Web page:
Sunday, April 28, 2013

afloat - by Erin Healy

Danielle Clement isn't completely satisfied with the choices she's made in allowing Tony Dean to become more than just protector and provider for her and her son, Simeon, but she figures as long as Simeon is taken care of, then it must be okay.  Until she and Simeon become stranded in the condo building that Tony has paid for during a sequence of events that cuts them and a small group of people off from the rest of the world. A sequence of not-entirely-natural events that not everybody will make it out of, and those that are left will be forced to confront not only their past choices, but make decisions that will affect the rest of their lives.  Can Vance Nolan, the architect of the floating condominiums, convince Danielle that she deserves better and that she should trust him?  Or will Tony convince her that her only choice is to stick with him through it all?

This book was a little bit outside of my typical genre choice; there were floating silver lights, and unnatural floods and sun-darkening, and a man who appears and disappears at odd times.  However, it was well-done, and I thought that the stories that were woven together about fear and faith and how our choices affect our lives and relationships were engaging and thought-provoking.  Given the same situation, who would we trust?  How could we make choices to protect ourselves and our children given such limited information?  On the other hand, this sort of situation really revealed each person's inner character, and showed that you can hide your motives and true self for so long.

My favorite quote from the book was "It was a devastating kind of grace, but maybe all new beginnings were."  I think that sums up the book's impact nicely - letting go of the past and reaching for a new future is never easy, but oftentimes the only thing to do.

I give this book 3 stars.  Although the characters felt very true-to-life in that a lot of them weren't very likable, it made it hard to love the book.  I could root for Danielle to make better choices from here out, but I couldn't applaud her choices to this point.  One extra plus that the book had going for it, though, is that when I skimmed the Book Discussion questions at the end, I was impressed with their depth and the potential for meaningful conversation based upon them above and beyond the characters within the book.

You can find afloat HERE.
The author's website is HERE.

I received a copy of this book from Thomas Nelson, as part of their BookSneeze program, in exchange for my honest review.

Rescue Team - by Candace Calvert

Kate Callison has been running from her past for years, never staying in one place for long.  10 hospitals in 6 years, with the latest resting point being at Austin Grace Hospital as their interim Emergency Department Director.  While she hopes to make this stop permanent, she has some big shoes to fill of the previous ER Director who went missing six months ago.  In addition to Sunni's disappearance, the ER has been plagued with issues and the team Kate has stepped into isn't sure she's the one to help solve their problems.  The issues she's dealing with are stirring up Kate's own troubles, and while she's drawn to Wes Tanner, a member of the area's search and rescue team, she continues to insist she doesn't need rescuing.  Can Kate work with her team to get the hospital out of the media's hot water?  Can she reveal her past to Wes?  Can she find her own healing?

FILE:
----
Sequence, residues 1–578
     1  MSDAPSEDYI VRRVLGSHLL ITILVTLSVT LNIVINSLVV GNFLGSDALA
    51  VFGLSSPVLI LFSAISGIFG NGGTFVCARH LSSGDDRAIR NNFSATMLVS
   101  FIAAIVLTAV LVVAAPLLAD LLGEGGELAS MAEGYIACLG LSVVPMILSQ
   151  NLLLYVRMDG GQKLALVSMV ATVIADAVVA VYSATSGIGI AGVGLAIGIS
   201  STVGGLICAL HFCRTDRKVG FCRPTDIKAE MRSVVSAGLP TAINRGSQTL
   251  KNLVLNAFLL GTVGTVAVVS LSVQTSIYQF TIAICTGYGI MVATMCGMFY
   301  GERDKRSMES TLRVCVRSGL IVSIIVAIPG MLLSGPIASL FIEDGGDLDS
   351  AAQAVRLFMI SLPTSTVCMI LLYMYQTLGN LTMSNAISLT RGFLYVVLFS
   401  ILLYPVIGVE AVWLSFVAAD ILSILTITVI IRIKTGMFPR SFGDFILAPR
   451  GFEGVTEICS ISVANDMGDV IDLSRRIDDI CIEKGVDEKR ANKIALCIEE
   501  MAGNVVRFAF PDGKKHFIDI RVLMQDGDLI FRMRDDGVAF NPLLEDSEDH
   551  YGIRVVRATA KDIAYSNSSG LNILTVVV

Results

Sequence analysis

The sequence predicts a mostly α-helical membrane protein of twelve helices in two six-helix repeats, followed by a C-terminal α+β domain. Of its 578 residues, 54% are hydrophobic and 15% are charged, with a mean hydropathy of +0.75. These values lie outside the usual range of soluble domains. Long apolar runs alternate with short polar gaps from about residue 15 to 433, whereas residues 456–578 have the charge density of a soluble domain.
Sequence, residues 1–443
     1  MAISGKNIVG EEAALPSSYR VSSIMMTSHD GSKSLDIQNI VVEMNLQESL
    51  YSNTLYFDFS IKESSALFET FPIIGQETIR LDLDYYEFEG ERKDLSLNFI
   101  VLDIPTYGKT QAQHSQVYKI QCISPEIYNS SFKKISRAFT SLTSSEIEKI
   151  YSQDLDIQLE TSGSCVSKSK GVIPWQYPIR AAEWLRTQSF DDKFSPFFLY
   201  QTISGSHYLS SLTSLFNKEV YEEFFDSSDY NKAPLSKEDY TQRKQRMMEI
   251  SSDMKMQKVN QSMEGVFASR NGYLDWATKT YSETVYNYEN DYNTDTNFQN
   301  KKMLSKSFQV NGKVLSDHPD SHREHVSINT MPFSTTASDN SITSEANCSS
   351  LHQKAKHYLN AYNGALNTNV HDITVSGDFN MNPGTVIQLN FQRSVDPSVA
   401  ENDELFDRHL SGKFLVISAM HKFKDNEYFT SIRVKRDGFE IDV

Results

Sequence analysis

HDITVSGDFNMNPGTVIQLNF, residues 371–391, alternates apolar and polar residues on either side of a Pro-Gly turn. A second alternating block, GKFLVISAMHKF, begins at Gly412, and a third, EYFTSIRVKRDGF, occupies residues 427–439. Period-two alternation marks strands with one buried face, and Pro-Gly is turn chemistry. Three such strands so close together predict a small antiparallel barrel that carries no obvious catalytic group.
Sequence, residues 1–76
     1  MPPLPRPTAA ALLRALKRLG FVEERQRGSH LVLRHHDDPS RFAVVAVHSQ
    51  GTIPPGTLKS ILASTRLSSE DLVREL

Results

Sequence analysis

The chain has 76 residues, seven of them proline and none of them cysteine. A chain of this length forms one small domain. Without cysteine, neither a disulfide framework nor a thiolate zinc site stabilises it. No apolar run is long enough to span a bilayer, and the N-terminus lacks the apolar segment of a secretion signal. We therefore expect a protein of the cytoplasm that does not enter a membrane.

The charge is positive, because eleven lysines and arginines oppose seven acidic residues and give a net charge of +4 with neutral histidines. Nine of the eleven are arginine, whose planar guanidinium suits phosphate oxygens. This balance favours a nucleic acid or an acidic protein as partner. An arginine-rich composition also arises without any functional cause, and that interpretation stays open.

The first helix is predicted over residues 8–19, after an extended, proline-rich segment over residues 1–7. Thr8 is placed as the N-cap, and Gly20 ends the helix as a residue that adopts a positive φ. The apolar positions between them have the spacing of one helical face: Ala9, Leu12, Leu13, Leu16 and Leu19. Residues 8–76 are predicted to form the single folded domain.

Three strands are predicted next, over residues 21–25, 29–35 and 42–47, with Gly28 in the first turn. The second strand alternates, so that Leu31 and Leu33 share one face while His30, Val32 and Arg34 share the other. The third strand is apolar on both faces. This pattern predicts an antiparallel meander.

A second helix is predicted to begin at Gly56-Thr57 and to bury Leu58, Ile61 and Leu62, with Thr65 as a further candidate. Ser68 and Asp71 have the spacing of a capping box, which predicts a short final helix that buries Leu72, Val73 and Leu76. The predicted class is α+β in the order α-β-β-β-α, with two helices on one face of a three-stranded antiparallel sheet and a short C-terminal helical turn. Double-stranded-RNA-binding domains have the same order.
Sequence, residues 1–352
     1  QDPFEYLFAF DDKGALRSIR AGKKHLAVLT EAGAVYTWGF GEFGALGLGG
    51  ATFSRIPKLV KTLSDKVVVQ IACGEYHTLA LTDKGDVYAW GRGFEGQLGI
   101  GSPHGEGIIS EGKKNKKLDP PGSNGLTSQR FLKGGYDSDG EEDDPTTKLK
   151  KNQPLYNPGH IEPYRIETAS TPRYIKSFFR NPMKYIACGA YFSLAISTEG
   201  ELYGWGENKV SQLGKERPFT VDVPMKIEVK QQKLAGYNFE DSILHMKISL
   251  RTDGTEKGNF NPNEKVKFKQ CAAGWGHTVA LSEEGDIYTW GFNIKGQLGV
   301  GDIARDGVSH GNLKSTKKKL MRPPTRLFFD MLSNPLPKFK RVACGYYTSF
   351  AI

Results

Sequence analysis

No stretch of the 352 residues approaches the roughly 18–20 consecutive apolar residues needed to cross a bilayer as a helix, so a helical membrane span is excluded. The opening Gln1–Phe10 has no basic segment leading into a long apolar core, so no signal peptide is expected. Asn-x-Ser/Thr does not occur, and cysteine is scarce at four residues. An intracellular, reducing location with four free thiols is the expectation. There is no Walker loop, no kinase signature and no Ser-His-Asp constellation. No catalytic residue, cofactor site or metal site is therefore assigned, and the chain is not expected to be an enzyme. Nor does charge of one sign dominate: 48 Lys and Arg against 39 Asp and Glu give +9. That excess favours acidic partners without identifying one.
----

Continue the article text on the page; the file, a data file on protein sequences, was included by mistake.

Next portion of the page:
This book drew me in, and I found myself liking it more than I expected to.  Kate presents such a tragic figure of one who feels like her past is so unforgivable that she would rather run from it and try to hide it than to try to work through it for healing.  She keeps everyone at arm's length, certain that they would cast stones if they knew what she'd done.  Wes Tanner was a great love interest, having his own past to work through - a past that was definitely at odds with Kate's.  Although he had it in him to want to rescue everyone, he wasn't over-the-top in his interactions with Kate - he fell for her genuinely, and not for her unaccepted need to be rescued.  

There were, I felt, some inconsistencies within the story's characters - for instance, could a nurse really change jobs 10 times in 6 years?  Wouldn't that look sketchy on a resume?  But for the most part, it didn't affect the story enough to detract from it, it just added to the sense that Kate wasn't going to be able to settle down until she actually dealt with her past.  

I loved that there were no "perfect" characters within this novel.  Even those who were so busy helping others were dealing with their own messes, and nobody really pretended to be perfect.  

Overall, I give this book 3.5 stars.  The focus of the book is really on Kate's path to healing, but the surrounding stories and characters help to get her there without getting in the way of her story.

You can find Rescue Team, and the first book in the Grace Medical series, Trauma Plan, HERE and HERE. (While Rescue Team is the second in the series, it stood well on its own, and appears to maybe have only a slight character carry-over.